Gender and inequalities in health in later life
Little research attention has been given to examining inequalities in the health of elderly women and men, in spite of their high use of health services and the importance of health to maintaining independence in later life. This paper uses data from the British General Household Survey to analyse the variation in health of elderly women and men by class and material circumstances. Two measures of health are used; self-assessed health and functional disability. Elderly women assess their own health less positively than men, and are seriously disadvantaged compared to men in terms of functional disability. Class based on the individual's own previous main occupation is strongly associated with the two measures of health for elderly women and men at all ages. For elderly women, an 'individualistic' approach, using the women's own last occupation, is compared with the 'conventional' approach of measuring class, which for married women uses their husband's last occupation and for other women their own last occupation. Using the two approaches makes little difference to the strength of association between class and health. Elderly women and men who live in advantaged material circumstances, in terms of income, car ownership and housing tenure, report significantly better health, after controlling for age and class. Level of functional disability is influenced by previous position in the labour market but not current material circumstances. Although elderly women suffer greater morbidity than elderly men, structural inequalities in health are equally pronounced for women and men in later life.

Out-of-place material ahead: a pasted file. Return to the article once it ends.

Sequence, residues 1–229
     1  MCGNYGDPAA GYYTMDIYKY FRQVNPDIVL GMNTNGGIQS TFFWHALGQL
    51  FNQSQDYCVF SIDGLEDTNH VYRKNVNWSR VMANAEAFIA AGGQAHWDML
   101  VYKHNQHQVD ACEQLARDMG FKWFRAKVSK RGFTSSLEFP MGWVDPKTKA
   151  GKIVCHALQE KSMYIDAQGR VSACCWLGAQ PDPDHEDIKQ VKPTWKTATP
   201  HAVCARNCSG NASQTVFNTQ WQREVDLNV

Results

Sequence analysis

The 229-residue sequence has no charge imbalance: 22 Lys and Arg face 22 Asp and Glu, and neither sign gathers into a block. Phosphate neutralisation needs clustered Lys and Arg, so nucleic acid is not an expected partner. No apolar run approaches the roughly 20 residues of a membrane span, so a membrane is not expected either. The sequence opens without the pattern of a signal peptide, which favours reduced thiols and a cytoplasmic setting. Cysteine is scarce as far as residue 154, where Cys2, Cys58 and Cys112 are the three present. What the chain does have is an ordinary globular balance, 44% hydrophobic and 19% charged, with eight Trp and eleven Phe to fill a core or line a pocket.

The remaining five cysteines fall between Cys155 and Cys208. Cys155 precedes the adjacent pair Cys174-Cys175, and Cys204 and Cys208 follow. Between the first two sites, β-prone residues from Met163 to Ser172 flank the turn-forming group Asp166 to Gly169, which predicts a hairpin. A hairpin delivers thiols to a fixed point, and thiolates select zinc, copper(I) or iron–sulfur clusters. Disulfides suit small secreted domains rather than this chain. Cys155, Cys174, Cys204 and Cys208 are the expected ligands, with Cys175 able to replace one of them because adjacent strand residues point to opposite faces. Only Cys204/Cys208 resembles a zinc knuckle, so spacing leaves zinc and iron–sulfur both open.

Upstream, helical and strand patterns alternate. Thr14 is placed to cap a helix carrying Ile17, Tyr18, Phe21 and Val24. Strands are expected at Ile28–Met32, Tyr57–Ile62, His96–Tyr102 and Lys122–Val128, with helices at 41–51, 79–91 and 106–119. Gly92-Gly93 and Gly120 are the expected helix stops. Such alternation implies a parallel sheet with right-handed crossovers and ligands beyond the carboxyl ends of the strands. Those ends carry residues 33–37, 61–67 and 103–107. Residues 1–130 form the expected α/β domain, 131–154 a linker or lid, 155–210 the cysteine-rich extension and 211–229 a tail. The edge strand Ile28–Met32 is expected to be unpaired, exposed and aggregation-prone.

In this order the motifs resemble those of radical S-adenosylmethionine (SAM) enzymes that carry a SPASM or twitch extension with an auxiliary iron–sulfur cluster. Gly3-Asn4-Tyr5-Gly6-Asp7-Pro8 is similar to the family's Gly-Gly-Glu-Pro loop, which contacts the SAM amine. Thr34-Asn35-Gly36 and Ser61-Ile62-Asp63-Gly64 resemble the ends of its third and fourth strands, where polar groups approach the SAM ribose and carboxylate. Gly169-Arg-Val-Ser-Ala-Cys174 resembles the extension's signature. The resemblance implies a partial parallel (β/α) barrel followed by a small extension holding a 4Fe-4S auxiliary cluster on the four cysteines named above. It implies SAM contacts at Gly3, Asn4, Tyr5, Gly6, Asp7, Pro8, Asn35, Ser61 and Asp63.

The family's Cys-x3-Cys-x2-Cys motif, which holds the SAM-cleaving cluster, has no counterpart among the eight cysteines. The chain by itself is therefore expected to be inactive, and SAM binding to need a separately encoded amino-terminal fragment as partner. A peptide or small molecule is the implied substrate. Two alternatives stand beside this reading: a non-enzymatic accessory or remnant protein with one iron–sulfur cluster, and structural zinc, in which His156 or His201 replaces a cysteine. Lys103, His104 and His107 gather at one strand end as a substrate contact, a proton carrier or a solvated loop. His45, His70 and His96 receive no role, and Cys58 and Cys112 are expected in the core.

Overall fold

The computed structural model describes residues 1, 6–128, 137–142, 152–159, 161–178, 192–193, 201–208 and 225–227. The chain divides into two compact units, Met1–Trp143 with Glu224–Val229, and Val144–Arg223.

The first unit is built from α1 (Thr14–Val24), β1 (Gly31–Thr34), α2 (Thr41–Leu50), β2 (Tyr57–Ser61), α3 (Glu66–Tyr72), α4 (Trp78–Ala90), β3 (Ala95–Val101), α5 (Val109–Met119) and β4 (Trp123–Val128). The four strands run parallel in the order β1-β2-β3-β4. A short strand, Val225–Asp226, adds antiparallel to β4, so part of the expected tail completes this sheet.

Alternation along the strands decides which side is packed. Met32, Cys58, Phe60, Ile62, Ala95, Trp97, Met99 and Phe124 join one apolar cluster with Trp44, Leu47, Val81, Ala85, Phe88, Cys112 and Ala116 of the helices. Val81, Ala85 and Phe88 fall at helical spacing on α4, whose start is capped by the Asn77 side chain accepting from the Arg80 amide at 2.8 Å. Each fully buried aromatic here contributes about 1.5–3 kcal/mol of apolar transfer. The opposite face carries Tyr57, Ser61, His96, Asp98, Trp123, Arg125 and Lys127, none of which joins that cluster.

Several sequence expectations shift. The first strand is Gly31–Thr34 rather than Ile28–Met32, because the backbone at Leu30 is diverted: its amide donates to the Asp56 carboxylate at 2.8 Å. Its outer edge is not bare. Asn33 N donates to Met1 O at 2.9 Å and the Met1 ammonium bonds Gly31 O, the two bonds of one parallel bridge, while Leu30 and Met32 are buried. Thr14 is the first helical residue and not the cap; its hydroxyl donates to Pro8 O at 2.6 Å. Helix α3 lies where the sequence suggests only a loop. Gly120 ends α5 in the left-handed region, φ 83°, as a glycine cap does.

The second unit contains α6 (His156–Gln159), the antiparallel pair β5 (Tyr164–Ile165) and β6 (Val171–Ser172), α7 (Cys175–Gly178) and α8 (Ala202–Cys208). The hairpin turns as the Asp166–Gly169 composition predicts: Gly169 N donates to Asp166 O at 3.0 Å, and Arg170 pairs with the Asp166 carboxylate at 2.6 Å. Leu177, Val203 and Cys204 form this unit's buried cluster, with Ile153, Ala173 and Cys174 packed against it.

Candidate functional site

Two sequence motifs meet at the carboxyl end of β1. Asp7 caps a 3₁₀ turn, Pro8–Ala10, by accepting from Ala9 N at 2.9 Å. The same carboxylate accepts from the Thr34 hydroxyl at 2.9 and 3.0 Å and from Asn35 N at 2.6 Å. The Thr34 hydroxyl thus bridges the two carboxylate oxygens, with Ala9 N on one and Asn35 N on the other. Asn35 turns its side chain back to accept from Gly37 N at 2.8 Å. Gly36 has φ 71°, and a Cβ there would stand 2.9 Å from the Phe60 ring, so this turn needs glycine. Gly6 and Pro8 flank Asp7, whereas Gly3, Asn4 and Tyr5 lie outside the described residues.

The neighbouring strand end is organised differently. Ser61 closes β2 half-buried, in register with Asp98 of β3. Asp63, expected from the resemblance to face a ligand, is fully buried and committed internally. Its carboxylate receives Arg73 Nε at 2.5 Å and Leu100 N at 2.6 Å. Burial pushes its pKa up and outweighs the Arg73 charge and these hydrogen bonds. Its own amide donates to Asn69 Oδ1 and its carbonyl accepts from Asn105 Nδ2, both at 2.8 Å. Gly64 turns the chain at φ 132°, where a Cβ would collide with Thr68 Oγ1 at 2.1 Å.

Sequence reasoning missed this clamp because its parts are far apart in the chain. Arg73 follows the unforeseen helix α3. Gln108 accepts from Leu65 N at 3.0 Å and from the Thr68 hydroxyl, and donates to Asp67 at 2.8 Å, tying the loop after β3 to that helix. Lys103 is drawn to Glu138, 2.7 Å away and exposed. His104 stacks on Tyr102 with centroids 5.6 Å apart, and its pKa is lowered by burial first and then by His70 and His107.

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Volume (Year): 36 (1993)
Issue (Month): 1 (January)
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